The Heartland Institute — a free market think tank known for its efforts to promote climate science denial — is lobbying to keep one of the country’s oldest coal-fired power plants alive. But it doesn’t seem to be working.
In a letter dated January 30 and publicly disclosed on February 9 by the Missouri Public Service Commission (PSC), Heartland director John Nothdurft asked PSC Chairman Daniel Hall for a private meeting to discuss the closure of the 65-year-old Meramec coal plant. The request follows Ameren’s plans, submitted to PSC last fall, to shift from coal towards investing in more renewable energy.
The Meramec power plant near St. Louis, Missouri is due to be shut down in 2022. The decision is largely uncontroversial, with many residents and environmental groups calling for the plant to close sooner than that.
The plant’s owner, utility company Ameren Corp., told the Missouri PSC in 2014 that it would no longer keep the coal plant in operation beyond 2022 because the cost of keeping it running — hundreds of millions of dollars — “cannot be supported by the economics of the plant.”
The Heartland Institute said in its letter that even though the decision “may increase Ameren’s profits,” closing the coal plant and building more solar and wind power instead would “harm Missouri residents, businesses, and manufacturers.” This is because shifting to renewables would make electricity “more expensive and less reliable” the letter states — an argument often used by opponents of renewable energy, despite the rapidly declining cost of solar and wind power.
“The people of Missouri deserve better than California-style energy policies,” Nothdurft writes in the letter, first reported on by E&E. Attached to the letter is a report on why closing coal plants hurts the country’s electricity supply. It’s co-authored by Fred Palmer, a former coal executive for Peabody Energy who now works for Heartland.
Heartland’s request, however, doesn’t appear to have been received in the way the organization might have hoped. The PSC’s press officer, Kevin Kelly, told ThinkProgress via email that Hall has not met with Heartland “and has had no communication with Heartland.”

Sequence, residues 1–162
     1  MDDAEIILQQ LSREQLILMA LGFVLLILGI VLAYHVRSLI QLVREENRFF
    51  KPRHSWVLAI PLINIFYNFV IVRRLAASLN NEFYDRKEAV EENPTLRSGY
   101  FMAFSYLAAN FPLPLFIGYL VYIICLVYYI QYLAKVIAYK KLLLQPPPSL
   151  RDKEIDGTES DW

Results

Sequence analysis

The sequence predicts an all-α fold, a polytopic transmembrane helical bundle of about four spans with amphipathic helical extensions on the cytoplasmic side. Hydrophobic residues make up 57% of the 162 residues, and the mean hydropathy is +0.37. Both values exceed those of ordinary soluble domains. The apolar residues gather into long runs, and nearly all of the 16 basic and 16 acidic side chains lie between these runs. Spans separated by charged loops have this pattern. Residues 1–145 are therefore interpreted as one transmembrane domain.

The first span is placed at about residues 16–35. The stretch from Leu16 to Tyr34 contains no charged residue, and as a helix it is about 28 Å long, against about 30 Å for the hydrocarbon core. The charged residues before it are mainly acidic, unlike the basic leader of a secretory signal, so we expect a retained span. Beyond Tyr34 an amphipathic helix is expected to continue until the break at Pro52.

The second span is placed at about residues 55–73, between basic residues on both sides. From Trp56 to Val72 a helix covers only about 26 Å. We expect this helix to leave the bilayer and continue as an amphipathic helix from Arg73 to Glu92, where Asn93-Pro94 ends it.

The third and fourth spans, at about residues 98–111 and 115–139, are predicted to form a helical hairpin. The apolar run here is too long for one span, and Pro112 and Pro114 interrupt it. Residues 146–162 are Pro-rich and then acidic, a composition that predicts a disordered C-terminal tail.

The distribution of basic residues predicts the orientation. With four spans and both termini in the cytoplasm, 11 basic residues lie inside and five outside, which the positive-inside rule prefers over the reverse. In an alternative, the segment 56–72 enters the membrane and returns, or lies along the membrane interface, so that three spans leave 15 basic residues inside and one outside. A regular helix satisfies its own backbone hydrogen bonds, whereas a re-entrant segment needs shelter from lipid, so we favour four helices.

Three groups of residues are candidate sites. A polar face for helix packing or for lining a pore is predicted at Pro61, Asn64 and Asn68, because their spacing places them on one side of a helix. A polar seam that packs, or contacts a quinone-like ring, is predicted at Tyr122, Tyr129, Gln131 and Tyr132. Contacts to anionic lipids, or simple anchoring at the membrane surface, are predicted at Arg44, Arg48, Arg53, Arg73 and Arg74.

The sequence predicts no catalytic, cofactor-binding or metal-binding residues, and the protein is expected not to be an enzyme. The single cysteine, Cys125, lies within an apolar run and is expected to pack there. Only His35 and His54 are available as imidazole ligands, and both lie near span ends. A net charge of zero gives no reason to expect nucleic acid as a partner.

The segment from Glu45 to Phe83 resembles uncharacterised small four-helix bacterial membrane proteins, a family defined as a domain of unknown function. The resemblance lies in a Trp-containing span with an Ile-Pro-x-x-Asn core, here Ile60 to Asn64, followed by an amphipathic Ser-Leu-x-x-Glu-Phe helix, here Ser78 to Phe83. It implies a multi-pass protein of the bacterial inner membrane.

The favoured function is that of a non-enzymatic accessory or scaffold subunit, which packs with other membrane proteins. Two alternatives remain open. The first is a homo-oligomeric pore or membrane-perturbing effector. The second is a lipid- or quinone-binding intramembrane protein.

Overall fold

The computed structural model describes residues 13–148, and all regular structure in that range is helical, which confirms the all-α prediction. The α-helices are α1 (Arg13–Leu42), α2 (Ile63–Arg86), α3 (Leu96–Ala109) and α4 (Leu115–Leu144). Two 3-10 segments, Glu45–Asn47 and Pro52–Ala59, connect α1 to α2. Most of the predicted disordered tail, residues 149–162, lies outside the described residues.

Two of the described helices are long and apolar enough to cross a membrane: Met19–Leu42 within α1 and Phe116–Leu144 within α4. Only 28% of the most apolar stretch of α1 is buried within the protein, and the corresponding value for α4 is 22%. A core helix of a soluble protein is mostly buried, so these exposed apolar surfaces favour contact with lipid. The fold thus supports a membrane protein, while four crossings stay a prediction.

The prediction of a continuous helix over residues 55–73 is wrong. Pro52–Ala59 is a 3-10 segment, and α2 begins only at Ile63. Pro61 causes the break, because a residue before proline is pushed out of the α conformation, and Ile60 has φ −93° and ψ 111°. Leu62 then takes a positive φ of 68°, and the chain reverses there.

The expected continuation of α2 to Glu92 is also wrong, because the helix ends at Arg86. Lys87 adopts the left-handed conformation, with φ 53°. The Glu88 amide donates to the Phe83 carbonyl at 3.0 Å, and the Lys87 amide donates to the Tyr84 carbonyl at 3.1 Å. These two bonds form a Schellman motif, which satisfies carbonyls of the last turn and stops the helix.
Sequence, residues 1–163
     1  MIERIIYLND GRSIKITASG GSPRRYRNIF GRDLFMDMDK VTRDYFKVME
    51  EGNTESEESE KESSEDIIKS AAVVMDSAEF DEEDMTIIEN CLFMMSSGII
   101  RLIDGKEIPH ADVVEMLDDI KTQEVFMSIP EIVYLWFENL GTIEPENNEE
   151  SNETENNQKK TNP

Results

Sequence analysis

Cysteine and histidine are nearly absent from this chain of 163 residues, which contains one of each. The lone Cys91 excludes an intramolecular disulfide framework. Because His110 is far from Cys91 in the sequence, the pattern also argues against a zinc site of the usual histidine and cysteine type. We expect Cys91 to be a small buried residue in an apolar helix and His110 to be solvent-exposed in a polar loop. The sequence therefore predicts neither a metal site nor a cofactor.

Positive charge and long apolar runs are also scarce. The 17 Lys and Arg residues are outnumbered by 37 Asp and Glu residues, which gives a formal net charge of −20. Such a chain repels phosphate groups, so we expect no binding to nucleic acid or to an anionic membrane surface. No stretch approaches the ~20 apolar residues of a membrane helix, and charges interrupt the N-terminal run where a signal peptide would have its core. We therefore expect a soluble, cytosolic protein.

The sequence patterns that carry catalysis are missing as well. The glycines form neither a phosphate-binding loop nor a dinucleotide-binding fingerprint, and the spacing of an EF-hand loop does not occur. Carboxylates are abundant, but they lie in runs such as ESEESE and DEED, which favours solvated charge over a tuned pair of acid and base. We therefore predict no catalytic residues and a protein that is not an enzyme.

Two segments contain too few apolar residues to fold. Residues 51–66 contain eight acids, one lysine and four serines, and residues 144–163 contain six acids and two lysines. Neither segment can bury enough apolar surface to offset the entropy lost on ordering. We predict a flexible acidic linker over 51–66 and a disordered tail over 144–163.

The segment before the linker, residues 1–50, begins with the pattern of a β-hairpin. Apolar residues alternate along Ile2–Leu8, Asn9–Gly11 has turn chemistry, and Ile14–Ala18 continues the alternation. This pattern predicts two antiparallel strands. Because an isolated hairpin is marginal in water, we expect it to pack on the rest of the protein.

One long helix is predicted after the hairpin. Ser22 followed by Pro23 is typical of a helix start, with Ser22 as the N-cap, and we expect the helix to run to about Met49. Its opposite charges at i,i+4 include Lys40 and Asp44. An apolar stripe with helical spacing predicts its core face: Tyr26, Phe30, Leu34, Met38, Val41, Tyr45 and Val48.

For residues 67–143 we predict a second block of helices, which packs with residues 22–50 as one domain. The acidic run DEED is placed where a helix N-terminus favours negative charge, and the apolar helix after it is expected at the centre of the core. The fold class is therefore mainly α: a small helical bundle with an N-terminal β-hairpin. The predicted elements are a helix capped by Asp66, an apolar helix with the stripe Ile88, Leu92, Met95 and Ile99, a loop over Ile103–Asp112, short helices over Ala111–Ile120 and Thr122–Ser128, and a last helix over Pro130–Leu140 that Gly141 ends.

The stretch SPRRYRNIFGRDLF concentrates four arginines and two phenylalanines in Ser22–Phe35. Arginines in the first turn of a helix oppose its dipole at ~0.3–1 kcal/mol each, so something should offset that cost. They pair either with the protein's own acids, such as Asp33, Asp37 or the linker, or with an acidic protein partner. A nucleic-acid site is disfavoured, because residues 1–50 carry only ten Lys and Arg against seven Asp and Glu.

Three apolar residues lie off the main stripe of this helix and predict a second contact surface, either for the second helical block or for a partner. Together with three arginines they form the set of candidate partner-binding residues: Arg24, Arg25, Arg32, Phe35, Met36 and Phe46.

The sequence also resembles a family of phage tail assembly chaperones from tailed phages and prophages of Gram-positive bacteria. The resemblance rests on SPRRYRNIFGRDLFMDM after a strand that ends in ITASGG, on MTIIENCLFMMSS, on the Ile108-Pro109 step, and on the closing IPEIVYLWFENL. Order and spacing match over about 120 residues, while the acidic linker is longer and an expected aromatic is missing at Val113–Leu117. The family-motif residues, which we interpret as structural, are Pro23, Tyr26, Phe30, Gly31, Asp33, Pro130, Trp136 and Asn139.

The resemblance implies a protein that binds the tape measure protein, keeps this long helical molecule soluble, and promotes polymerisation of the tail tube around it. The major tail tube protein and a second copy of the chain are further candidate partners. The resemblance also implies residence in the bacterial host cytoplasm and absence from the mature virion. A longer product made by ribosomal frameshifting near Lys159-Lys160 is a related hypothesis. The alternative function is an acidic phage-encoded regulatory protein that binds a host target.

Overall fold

Hall wasn’t the only one to receive the “unsolicited letter” — it was sent to all of the PSC commissioners. None of them have met with Heartland either, according to Kelly.
The Heartland Institute did not respond to a request for comment from ThinkProgress about the letter.
Across the country, the unfavorable economics of coal continue to drive its decline. Coal plants continue to shutter and U.S. coal production rates are dropping. This is largely due to a combination of more affordable alternatives — such as cheaper solar, wind, battery storage and natural gas — along with automation replacing the jobs previously done by mine workers.
And in the case of the Meramec plant, the cost required to bring it in line with environmental rules to decrease its pollution was more than it was worth to keep it running.
In spite of these trends, President Donald Trump continues to promote the polluting fossil fuel. In addition to the coal industry’s close relationship with the administration — including Peabody recently providing the Energy Department input on how to boost coal plants — the Heartland Institute has also claimed credit for much of the current administration’s energy policy decisions.
According to a statement issued by Heartland President Tim Huelskamp following last month’s State of the Union address, the think tank “has been advising many in the administration on climate and energy policy, so we were certainly encouraged and excited the president promoted his pro-energy, pro-America vision in his State of the Union address.” In the case of the Missouri coal plant, though, Heartland and the administration seem to be out of step with the reality on the ground.